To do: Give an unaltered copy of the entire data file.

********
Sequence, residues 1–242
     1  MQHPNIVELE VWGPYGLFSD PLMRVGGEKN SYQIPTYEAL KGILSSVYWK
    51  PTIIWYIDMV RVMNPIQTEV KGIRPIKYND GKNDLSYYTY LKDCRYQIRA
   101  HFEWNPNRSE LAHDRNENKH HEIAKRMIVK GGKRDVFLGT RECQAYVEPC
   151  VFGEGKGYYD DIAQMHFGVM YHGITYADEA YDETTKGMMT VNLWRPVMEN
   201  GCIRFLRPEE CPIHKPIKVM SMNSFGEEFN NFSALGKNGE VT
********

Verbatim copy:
Sequence, residues 1–242
     1  MQHPNIVELE VWGPYGLFSD PLMRVGGEKN SYQIPTYEAL KGILSSVYWK
    51  PTIIWYIDMV RVMNPIQTEV KGIRPIKYND GKNDLSYYTY LKDCRYQIRA
   101  HFEWNPNRSE LAHDRNENKH HEIAKRMIVK GGKRDVFLGT RECQAYVEPC
   151  VFGEGKGYYD DIAQMHFGVM YHGITYADEA YDETTKGMMT VNLWRPVMEN
   201  GCIRFLRPEE CPIHKPIKVM SMNSFGEEFN NFSALGKNGE VT